Buccaneer: James Stuart Blackton and the Birth of American Movies (Donald Dewey, 2016)

I don’t as a rule mention the nonfiction books I read here, but I have before and I might as well this time.

This is a biography of J. Stuart Blackton, one of the founders of the pioneering film studio Vitagraph. I should say, the larger part of the book is simply a history of Vitagraph — it spends as much time on Smith, Reader, and Rock as it does Blackton — but I’m not complaining. The focus does shift more to Blackton in the later part, after Warner Bros. takes over the studio and the once millionaire director descends rapidly into poverty, never losing his optimism or delusion that his fortunes are just about to turn.

The trouble with biographies of the Vitagraph founders is that Blackton and Smith were both, depending on your outlook, either tireless self-promoters or bald-faced liars. It’s difficult to untangle fact from fiction in their and their families’ personal versions of the past. This account doesn’t accept Blackton at face-value, but is less cynical than some and takes Blackton’s own words and Trimble’s memories of her father as being broadly speaking true.

Inscriptions: none, it’s brand new.

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The Saint of the Speedway (Ridgwell Cullum, 1924)

Two Alaskan boys set out to Australia chasing a mythical river of gold that turns out to be real. There’s millions of dollars worth for the taking, but it’s far too big a project for them to handle themselves in their little boat. They charter a ship and Jim Cleaver, one of the Alaskans, leaves with its captain and crew and $500,000 in the hold, but on their first voyage, the ship is caught in a storm and sinks.

Back at home, Saint Claire Cleaver and her mother are left to fend for themselves, which Claire decides to do by becoming a professional gambler. She proves to be poker player without equal and regularly breaks the bank at the Speedway Casino in Beacon Glory, Alaska. Beacon Glory was a boom town back in the gold rush, but now it’s a disreputable hive of scum and villainy. Enter the Aurora Clan. The Clan, who are replete with white gowns and conical hoods, make it their mission to clean up the town. None knows the identify of their leader, known only as the Chief Light.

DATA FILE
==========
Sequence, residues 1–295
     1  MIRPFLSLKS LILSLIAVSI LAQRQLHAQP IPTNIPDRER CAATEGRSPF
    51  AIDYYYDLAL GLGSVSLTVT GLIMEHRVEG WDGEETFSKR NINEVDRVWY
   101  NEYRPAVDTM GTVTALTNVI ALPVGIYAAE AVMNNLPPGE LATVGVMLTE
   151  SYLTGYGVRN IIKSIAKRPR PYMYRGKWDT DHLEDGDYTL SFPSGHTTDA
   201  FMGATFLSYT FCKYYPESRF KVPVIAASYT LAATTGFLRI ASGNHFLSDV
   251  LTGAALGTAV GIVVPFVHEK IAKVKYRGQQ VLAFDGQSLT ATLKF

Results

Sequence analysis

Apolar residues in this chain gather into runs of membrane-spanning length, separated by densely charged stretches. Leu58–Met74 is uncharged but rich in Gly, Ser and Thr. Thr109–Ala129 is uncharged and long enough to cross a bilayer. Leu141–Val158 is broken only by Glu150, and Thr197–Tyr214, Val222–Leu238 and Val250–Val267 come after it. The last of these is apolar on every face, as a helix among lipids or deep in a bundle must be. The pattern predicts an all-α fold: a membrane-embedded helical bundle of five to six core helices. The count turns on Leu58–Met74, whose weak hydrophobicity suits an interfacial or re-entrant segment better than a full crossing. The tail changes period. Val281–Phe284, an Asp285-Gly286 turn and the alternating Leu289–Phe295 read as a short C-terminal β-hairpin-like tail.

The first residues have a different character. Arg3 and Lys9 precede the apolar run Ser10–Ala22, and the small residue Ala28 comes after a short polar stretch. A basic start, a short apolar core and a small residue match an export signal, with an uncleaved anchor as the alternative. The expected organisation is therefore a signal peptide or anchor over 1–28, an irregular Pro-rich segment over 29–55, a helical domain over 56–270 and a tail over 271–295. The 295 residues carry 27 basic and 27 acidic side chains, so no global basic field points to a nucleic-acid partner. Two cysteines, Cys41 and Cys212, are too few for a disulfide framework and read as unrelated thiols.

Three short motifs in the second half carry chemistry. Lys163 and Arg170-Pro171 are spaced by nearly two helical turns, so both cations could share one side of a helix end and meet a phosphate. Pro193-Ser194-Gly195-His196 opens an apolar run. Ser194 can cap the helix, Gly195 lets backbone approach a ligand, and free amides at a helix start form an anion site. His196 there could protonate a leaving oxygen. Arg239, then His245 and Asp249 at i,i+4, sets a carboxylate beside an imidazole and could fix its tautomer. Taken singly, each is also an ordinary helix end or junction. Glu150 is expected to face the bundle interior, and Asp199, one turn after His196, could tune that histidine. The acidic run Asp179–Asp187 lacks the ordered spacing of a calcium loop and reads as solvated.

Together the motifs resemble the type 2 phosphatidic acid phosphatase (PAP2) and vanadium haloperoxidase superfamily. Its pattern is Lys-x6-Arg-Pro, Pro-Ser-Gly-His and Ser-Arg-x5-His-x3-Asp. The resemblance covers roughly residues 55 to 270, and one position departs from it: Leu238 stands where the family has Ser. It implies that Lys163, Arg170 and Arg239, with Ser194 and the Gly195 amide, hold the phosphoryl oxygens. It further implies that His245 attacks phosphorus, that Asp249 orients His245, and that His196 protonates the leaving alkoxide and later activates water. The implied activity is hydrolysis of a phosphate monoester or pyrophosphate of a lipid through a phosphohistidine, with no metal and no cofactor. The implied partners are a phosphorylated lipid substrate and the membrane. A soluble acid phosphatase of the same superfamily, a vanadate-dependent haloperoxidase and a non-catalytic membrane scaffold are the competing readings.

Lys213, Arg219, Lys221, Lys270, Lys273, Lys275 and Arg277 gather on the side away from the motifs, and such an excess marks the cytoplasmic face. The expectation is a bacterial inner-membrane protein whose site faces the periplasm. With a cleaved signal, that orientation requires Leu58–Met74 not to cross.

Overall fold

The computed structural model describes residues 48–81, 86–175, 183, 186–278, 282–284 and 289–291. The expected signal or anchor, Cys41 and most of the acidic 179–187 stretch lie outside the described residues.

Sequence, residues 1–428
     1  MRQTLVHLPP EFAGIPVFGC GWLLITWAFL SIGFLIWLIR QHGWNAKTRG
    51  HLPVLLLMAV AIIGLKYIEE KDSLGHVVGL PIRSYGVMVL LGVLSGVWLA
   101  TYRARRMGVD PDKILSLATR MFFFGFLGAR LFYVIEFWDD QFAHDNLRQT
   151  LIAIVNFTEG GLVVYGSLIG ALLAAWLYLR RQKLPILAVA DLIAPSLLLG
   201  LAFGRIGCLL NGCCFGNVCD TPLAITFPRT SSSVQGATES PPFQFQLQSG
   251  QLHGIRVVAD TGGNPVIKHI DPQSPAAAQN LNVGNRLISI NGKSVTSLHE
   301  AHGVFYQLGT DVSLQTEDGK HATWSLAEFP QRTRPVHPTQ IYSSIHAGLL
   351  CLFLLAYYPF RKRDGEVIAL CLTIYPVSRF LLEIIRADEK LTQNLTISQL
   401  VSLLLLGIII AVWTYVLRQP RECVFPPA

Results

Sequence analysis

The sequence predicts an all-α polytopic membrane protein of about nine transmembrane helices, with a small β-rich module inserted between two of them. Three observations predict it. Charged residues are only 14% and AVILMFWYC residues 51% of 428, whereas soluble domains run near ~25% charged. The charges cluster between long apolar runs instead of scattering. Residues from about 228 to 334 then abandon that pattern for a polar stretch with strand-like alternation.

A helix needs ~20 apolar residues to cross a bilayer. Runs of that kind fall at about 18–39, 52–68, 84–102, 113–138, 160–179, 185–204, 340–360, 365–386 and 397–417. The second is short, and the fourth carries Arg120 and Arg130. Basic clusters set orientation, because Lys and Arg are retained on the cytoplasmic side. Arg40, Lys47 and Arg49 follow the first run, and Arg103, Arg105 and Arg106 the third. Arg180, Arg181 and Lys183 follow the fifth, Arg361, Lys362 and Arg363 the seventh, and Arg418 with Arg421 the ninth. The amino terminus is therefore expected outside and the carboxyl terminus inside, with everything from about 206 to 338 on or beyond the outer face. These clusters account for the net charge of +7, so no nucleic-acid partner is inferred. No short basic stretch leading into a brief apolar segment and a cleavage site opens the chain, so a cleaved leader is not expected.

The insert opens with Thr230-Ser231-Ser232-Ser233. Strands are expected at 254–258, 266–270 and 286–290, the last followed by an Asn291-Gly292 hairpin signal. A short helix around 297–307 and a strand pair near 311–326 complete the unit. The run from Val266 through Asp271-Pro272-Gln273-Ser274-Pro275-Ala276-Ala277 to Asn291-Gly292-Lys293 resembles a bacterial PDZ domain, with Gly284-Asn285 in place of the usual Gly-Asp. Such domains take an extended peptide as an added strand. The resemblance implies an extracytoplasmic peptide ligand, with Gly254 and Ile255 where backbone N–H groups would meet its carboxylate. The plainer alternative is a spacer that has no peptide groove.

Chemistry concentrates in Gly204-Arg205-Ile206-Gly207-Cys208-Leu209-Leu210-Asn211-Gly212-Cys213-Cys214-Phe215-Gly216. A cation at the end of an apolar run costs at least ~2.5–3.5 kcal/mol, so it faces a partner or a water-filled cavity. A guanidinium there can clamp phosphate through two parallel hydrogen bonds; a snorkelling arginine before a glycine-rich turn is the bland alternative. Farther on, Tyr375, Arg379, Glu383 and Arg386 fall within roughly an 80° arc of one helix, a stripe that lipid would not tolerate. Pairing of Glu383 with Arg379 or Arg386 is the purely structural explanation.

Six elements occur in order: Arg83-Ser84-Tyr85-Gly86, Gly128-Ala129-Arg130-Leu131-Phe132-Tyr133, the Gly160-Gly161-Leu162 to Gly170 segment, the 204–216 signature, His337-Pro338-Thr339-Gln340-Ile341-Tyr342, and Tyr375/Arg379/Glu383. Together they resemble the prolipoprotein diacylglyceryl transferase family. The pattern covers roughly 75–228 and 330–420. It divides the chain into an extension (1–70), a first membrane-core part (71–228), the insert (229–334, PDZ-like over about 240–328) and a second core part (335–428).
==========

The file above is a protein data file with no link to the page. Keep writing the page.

Enter now another mysterious individual, Cy Liskard. Liskard’s struck it rich somewhere up north and is banking his gold in Beacon Glory — a curious, red gold not at all like the sort typically found in Alaska. Hint, hint. He insults Claire at the casino and thus makes an enemy of her boyfriend, Ivor McLagan. Ivor only drops into town occasionally, being preoccupied with his oil work further up the coast. When he returns, he’s met with the singularly remarkable sight of an abandoned ship drifting toward the rocks. When it finally beaches, he examines the wreck. Not unlike the Mary Celeste, it seems to have been abandoned quickly and for no obvious reason. There’s also evidence that it’s name plate has been altered, and recently so.

You’ve in all likelihood solved the puzzle already, so we’ll skip to the end. Chief Light Ivor sees that Captain Julian Casper, alias Cy Liskard, is hanged for the murder of Jim Cleaver. The gold, or what remains of it, is returned to Jim’s partner. A massive oil deposit is discovered that will at once reverse the fortunes of Beacon Glory. Ivor and Claire marry.

(Edit:) Also, ghosts. It would be remiss of me to not mention that there are ghosts.

Inscriptions: On the front endpaper and flyleaf there are three-ish lines of curious asemic writing in navy blue wax crayon. It’s not a childish scribble, it’s quite deliberately done. On the flyleaf there are even some faint pencil markings that appear to be a rough draft.

The Story of a Play (W.D. Howells, 1898)

Maxwell, a newspaper reporter and an aspiring playwright, marries Louise. Louise is a wealthy woman in her own right and her family is fabulously so. Louise’s father so much as offers to buy the newspaper for Maxwell, but of course Maxwell would never accept such a gift. He’s built up a little nest egg and has decided to quit the paper and try his hand in the theatre. Louise is overjoyed — she, at least, is convinced of Maxwell’s genius. Perhaps she’s a bit too enamored. To her, Maxwell’s play is Maxwell’s alone, and she resents the intrusion of actors and directors and producers into the mix. She fails to see the collaborative nature of the theatrical business, and she fails to see that it even is a business —  a play may be a great work of art, but if fails to sell tickets, nobody is going to stage it. Add to that the irrational jealousy Louise develops over the female lead and you begin to imagine that Louise, as tireless and enthusiastic a champion for her husband’s work as she is, isn’t exactly helping.

Inscription: a plate pasted on the inside front cover reads “Limerick Public Library, no. 1254”. Open on Saturdays, 2 to 9 pm. Two cents per week late fee.